For my teen daughter and myself, NASCAR was a sport that was all about men in fire-protective suits and helmets who did nothing but drive brightly-painted cars and turned left a lot. Never really understanding the ins and outs of race car driving and what goes into it, it was a manly sport in both of our eyes that a few of our friends were into but that’s as far as it got for us.
Our recent visit to Charlotte Motor Speedway in Cabarrus County, North Carolina for the Bank of America 500 Race in the Sprint Cup Series completely changed our minds on the fast-paced sport. Not only did we discover that there are successful women behind the cameras and the wheels of the race cars, but there’s so much more to it than just driving well. The visit definitely gave my daughter a new take on NASCAR and how women can succeed at any sport with a little bit of courage and tenacity. I have a new found fervor for the art of racing and I’m always on board with my teen learning and loving something new. Yes, the race itself may have gotten rained out and postponed for another day, but there’s so much more to do in and around the track that we had a great time with or without it!
On Pit Road
During any NASCAR race, the pit area is THE spot to visit before the engines are started. There’s so much to take in including watching the cars go through three separate inspections to make sure the body style is correct and the weight of each vehicle is 3,300 pounds. My daughter loved watching the inspections and was elated when she saw Jeff Gordon’s #24 car going through one of the queues. It was his last race at Charlotte and you could definitely tell his fans were loving the attention he was getting.
We, however, headed over to Danica Patrick’s trailer. A very kind engineer on her team told us about the design process, how many cars per season they’ll build (at least twenty per driver!), and how they are able to tweak her car’s body design as long as they keep it within the specs provided by NASCAR. Of course, I had to ask about the car’s colors and if she had any say in what goes on the outside, but it’s all up to the sponsors and what they like. My daughter found the science behind each car’s creation fascinating and I loved that she was excited about it- I love anything that encourages a love of science and math.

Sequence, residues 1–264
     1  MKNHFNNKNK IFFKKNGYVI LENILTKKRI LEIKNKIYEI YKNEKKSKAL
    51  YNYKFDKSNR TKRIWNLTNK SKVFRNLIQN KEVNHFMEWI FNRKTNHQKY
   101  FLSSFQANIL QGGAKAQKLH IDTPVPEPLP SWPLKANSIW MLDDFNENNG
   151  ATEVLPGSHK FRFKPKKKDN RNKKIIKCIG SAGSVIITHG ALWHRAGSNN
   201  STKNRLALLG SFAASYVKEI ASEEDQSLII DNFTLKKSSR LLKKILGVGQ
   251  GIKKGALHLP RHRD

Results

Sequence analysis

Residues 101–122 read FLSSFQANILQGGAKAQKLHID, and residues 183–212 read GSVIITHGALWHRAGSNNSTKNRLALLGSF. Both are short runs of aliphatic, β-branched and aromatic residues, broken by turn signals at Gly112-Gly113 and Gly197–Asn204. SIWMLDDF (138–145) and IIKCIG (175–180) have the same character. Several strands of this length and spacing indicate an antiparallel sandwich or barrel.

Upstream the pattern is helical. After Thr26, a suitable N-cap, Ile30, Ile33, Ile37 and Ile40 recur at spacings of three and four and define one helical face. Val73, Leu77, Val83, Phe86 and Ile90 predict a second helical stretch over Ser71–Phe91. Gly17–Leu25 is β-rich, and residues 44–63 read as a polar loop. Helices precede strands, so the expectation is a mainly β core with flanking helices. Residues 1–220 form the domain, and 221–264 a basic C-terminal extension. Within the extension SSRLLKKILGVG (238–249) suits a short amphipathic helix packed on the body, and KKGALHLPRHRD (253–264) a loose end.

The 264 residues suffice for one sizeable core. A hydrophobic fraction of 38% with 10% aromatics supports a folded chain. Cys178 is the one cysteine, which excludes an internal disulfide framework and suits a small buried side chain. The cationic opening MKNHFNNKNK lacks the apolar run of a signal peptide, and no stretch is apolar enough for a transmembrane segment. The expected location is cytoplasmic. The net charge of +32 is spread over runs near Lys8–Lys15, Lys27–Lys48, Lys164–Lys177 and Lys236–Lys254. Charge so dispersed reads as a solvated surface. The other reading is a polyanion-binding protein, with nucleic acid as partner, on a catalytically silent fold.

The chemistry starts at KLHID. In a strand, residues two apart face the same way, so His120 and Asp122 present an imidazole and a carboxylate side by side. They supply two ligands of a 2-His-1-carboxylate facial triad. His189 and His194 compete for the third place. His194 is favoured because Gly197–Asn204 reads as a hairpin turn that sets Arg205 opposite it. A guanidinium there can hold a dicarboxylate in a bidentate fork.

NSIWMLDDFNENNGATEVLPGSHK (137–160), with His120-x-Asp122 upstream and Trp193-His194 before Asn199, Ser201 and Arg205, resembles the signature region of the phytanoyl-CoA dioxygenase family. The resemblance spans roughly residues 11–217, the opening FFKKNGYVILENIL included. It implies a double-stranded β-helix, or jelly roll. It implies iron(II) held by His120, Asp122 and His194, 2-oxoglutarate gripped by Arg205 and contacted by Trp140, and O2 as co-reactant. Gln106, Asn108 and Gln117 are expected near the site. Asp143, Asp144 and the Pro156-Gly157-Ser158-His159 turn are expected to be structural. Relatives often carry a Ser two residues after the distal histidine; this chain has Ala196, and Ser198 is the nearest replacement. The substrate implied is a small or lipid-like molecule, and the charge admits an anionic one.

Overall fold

Performance Racing Network
If you or any member of your family is a race fan, you’ve undoubtedly watched a show or listened to a broadcast from Performance Racing Network, or PRN for short. PRN is where all of the NASCAR feeds originate and it’s right in the pit area of Charlotte Motor Speedway. We were able to tour the building on a non-race day with our Over the Wall Tour and my daughter loved trying on the headphones used for broadcasts.
On race day, however, I had the privilege of chatting with Wendy Venturini, co-anchor for the NASCAR Sprint Cup Series. We chatted about her life in NASCAR; her father was a driver and her mom worked right in the pit (the first woman to do so), and she talked about kids and NASCAR. After all, she’s a mother herself.
There are several behind-the-scenes tours at Charlotte Motor Speedway including an Over the Wall Tour where kids can take a ride on the race track and really go behind the scenes on Pit Road (my daughter loved this one!) and a Race Shop Tour where we were able to check out team cars being built and tweaked, trophies from races past, and even see Dale Earnhardt’s memorial statue in his home town. Did we see Danica’s #10 car during our tour? We saw two, actually.
Just a short drive away in Charlotte proper is the NASCAR Hall of Fame– a great spot to learn all about the cars, their engines, and my daughter’s favorite, testing your skill on pit road. We battled each other for the best time and had a blast.
Tips for Kids and NASCAR Races
The one thing I noticed about NASCAR events is this: it’s definitely a family sport. So many moms and dads had their kids with them and I loved the fact that there were multigenerational families taking in the events together. What I wasn’t prepared for was the volume: NASCAR cars are loud! I was quite taken aback by the engines’ sound and was very happy when I saw both children and their parents wearing auditory protection even during the pre-race events. Whether you’ve got ear plugs or state of the art headphones with a built-in radio, ear protection is a must. Many raceways allow coolers so check ahead of time to save some cash on bottled water and snacks.
Disclosure: My family and I were graciously hosted by Cabarrus County CVB for the purpose of giving you fine folks the scoop on what makes NASCAR at Charlotte Motor Speedway so great for families. All opinions are my own!